Pictures by Stan Bruce

Grey Cairns of Camster
Five miles north of Lybster, 11 ND 260 441
Two chambered burial cairns of Neolithic date. One is long, with two chambers and projecting 'horns' and the other is round, and contains a single chamber.

Grey Cairns of Camster

Hill o'Many Stanes
At Mid Clyth, four miles north east of Lybster, 11 ND 295 384
More than 22 rows of low slabs arranged in a slightly fan-shaped pattern, which may have been a prehistoric astronomical observatory.

Hill o'Many Stanes

Hilton of Cadboll Chapel
At Hilton of Cadboll, 12 miles north east of Invergordon, 21 NH 873 768
The foundation remains of a small rectangular chapel building.
Inverness Catherdal

Photo by Stan Bruce

Inverness Cathedral
Inverness Cathedral
Inverness Castle
Inverness Castle sits high on a hill overlooking the River Ness, in the centre of Inverness, and is a prominent feature of the town.  The castle we see today was built of red sandstone in 1836 by architect William Burn of Edinburgh.  The earliest castle recorded on this site dates from 1057.  This castle was destroyed by King Robert the Bruce during the Wars of Independence.  A replacement castle was later built, but it was sacked in the 15th century.  Another castle was built but it was destroyed by Bonnie Prince Charlie in 1745, he is said to have flattened it using explosives.  Today, the castle of 1836 is home to the Sheriff Court, and currently not open to the public, however visitors are free to roam the grounds
Photo by Stan Bruce
Inverness Castle
Inverness Steeple

Photo by Stan Bruce
Inverness Steeple
Inverness Town Hall

Photos by Stan Bruce
Inverness Town Hall and Mercat Cross
Mercat Cross
Inverness Town Hall
Inverlochy Castle
Two miles north east of Fort William, 41 NN 121 755
A fine well-preserved 13th century castle of the Comyn family; in the formn of a square, with round towers at the corners. The largest tower was the donjon or keep. It is one of Scotland's earliest stone castles. Access is limited as major consolidation work is in progress.

Photo by Duncan Fenton

Inverlochy Castle

Knocknagael Boar Stone
In Highland Regional Council Offices, Glenurquhart Road, Inverness.
A rough slab incised with the Pictish symbols of a mirror-case and a wild boar.
Ruthven Barracks
Near Kingussie, 35 NN 764 997
An infantry barracks erected in 1719 following the Jacobite rising of 1715, with two ranges of quarters and a stable block. Captured and burnt by Prince Charles Edward Stuart's army in 1746.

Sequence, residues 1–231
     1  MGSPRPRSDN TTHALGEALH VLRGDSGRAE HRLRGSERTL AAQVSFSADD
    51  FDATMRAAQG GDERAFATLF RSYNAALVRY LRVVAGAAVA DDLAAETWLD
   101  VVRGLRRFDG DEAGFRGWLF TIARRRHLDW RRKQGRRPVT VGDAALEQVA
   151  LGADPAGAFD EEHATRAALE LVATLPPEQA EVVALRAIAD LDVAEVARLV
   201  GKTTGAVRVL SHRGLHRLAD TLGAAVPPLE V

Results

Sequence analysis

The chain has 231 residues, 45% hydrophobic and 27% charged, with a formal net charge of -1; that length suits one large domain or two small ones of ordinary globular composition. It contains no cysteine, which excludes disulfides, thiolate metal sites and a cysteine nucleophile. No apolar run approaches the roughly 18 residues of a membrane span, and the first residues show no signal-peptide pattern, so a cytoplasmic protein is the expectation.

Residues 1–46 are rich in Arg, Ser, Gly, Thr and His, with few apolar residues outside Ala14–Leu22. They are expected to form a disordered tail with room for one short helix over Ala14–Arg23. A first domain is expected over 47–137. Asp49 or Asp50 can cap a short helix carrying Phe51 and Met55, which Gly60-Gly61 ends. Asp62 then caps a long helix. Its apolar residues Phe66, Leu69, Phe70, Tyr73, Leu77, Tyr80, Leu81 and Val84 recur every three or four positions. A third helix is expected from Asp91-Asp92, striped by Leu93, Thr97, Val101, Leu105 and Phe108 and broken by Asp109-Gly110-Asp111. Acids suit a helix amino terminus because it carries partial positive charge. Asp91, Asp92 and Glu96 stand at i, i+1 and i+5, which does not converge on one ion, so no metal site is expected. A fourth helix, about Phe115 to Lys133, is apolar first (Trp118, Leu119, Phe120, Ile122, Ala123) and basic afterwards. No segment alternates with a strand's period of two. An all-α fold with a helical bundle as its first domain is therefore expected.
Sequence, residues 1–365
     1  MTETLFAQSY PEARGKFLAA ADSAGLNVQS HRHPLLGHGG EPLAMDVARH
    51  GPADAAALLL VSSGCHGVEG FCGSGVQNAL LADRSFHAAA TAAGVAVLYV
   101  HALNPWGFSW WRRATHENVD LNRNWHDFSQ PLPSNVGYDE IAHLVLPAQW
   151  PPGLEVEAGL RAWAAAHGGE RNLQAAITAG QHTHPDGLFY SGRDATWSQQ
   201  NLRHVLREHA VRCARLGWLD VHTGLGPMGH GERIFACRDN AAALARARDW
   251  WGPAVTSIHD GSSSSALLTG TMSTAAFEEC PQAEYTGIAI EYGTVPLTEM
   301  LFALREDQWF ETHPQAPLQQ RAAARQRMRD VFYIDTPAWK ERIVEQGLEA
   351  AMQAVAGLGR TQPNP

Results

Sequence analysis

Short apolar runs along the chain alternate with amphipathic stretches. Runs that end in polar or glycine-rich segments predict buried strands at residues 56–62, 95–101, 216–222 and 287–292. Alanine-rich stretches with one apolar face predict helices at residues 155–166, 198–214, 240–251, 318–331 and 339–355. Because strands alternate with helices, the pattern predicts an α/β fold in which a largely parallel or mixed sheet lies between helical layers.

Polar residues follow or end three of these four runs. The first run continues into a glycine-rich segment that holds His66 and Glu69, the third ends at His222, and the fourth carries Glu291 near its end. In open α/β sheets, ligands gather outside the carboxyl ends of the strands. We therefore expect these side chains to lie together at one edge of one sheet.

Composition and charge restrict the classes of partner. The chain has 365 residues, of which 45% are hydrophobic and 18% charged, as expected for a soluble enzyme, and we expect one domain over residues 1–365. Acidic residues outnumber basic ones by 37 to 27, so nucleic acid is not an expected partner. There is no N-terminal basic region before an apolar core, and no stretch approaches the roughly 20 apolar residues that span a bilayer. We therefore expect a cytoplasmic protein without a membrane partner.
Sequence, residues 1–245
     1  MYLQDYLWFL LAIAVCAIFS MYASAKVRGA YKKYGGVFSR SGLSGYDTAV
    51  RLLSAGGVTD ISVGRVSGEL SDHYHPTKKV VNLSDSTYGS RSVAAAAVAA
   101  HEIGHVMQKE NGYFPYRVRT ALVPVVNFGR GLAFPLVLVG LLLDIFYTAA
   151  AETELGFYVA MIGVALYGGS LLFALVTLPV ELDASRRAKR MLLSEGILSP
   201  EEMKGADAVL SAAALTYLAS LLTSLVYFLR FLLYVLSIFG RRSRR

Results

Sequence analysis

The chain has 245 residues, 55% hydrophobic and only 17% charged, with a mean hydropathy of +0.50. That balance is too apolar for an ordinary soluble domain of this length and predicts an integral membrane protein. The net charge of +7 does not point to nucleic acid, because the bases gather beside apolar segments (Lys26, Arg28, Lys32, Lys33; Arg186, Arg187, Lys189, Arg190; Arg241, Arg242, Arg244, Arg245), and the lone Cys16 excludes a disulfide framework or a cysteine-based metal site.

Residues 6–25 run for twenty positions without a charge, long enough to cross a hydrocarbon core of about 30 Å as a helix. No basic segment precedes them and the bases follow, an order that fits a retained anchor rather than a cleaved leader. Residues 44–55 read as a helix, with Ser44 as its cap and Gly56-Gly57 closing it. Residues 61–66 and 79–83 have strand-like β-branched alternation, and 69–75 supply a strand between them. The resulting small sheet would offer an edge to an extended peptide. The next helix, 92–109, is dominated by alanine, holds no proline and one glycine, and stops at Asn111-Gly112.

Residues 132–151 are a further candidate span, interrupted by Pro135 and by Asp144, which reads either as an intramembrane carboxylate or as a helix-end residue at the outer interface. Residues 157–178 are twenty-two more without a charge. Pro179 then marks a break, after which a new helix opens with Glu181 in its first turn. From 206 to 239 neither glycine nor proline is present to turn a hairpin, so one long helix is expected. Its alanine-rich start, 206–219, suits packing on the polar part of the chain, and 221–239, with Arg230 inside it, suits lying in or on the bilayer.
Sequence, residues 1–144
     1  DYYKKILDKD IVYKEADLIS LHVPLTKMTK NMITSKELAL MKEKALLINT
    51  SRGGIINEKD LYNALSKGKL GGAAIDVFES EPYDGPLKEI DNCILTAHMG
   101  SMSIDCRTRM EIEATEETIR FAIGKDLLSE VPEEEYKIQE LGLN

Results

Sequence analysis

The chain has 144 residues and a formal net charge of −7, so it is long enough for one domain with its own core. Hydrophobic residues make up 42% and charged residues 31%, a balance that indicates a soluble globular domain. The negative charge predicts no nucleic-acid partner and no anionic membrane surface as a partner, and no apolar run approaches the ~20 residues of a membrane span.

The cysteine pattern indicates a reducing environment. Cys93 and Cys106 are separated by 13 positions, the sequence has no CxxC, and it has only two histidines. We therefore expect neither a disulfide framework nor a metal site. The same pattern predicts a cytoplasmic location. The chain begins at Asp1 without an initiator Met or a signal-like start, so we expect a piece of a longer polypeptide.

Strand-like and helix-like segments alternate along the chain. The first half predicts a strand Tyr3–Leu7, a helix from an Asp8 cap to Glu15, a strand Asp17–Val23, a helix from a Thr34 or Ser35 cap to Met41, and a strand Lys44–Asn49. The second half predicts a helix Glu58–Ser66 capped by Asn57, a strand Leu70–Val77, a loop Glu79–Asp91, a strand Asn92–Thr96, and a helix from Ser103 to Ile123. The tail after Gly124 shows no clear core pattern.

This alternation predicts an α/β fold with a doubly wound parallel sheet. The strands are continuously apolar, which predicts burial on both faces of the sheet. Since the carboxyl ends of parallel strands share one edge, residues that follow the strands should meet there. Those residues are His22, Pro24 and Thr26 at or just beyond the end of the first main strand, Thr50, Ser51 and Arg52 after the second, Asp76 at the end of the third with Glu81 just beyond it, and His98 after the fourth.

Ruthven Barracks

St Mary's Chapel Crosskirk
Six miles west of Thurso, 12 ND 025 701
A simple dry-stone chapel, probably of 12th century date.
Urquhart Castle
On Loch Ness nr Drumnadrochit on the A82, 35 NH 531 286
Tel: 01456 450551

The remains of one of the largest castles in Scotland dominate a rocky promontory on Loch Ness. Splendid views up and down the Loch, a popular viewpoint for monster spotting.
Summer, Monday to Sunday 9.30 am to 6.30 pm
Winter, Monday to Saturday 9.30 am to 4.30 pm. Sunday 11.30 am to 4.30pm. Last ticket sold 30 minutes before closing.
Urquhart Castle
Invergarry Castle
7 miles south-west of Fort Augustus, east of A82  
NH 315006  17th C tower house.  Burnt by both Cromwell & Duke of Cumberland. View exterior only.

Photo by Duncan Fenton

Invergarry Castle

St. Duthus's Chapel Tain
When Robert The Bruce's wife and daughter sought refuge here from the English army,  the rules of sanctuary were ignored by the Earl of Ross, who seized them and handed them over to Edward I.


Duncraig Castle
Situated on the southern shore of Loch Carron about 1 mile east of the village of Plockton. It was built in 1866 for Alexander Matheson, a Scottish businessman and Member of Parliament and is currently run as a hotel.

Pics attached including Duncraig Castle across the bay.

Coral Beach
Follow the single track road north of Dunvegan Castle for 3 miles and you come to a car park.  1 mile walk along the shore takes you to this beautiful coral beach.

Dunvegan Castle

Eilan Donan Castle

Thatched Cottage, Pockton

Pictures from Stan Bruce